Bluey’s Sale – How Would This Storyline Unfold in Real-Life?

It's fascinating how much impact popular culture can have on real estate markets! Bluey's hilltop house becoming a symbol of desirability is a testament to the show's immense popularity. I wonder what led to the decision to take it off the market. Maybe the owners realised its sentimental value outweighed any financial gain, or perhaps they had a change of heart about selling such an iconic property.

Bluey’s recent episode was even the subject of a recent Domain article, which in itself has received a lot of attention.  In the episode, In The Sign, which aired on ABC Kids on April 14 – The Heeler family's relocation from their traditional Queenslander came to a halt on moving day when the “dogs with no eyes” (as Bluey described them) rescinded from the purchase at the eleventh hour. It's interesting how real-life events can sometimes mirror or be influenced by fictional narratives. In this case, it seems like the decision to keep the house off the market might have been influenced by the show's storyline, where the Heeler family's move was aborted. It's a clever way for the show to engage with its audience and potentially impact real-world perceptions and decisions.

In these circumstances, the favourite family of four cattle dogs were beyond ecstatic to stay put.  How would this storyline play out in real life In Victoria?

Once you sign a contract, you’ve got three business days in which you can change your mind and terminate it.

If the Purchaser backs out within this period – which ends at 5pm on the third business day – they could forfeit 0.2 per cent of the purchase price from their deposit.  While the Vendor could waive this penalty, typically, they will request the penalty be paid.

Importantly, this cooling-off period doesn’t apply when a home is bought at auction or sold within three business days of being passed in at an Auction.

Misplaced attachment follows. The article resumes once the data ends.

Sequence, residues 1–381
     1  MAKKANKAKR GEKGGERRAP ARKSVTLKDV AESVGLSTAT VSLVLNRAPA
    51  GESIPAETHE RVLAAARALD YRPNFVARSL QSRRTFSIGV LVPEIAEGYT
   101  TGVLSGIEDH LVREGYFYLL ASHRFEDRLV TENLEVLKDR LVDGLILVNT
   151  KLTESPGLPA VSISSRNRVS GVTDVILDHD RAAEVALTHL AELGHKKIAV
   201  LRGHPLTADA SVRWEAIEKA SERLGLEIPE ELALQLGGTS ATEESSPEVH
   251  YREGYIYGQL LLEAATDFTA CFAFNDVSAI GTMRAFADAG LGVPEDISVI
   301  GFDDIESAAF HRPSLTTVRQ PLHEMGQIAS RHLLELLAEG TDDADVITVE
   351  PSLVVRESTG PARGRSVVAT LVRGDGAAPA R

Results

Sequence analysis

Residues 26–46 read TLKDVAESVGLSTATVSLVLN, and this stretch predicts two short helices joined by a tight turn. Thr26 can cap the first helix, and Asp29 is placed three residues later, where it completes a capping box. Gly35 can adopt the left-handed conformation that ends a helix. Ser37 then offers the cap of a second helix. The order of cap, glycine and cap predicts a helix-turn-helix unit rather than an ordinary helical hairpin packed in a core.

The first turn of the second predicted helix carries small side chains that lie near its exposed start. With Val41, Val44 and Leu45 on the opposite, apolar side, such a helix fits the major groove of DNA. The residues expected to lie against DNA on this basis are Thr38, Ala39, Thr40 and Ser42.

In addition to the cooling-off period, arguably there are various possibilities or conditions that can be included in a real estate contract to protect both the Purchaser and Vendor and allow for the possibility of backing out under certain circumstances. Common conditions might include un-satisfactory building inspections, finance approval, or the sale of the Purchaser's existing property. These conditions provide a level of flexibility and security for both parties involved in the transaction, ensuring that the sale proceeds smoothly and fairly.

What damages can the Vendor claim? In most situations, these incorporate any expenses for removalists as well as the variation between the two sale prices if the property sells for less after being relisted.

For instance, if they initially sold the property for $1 million, but upon relisting, they only received $900,000, they would file a claim against the purchaser for the $100,000 difference.

While it's not common for buyers to back out of a real estate transaction at the last minute, it does happen occasionally, and there can be various reasons behind these decisions.  Your experienced conveyancer will be of great value and can assist you in situations such as this.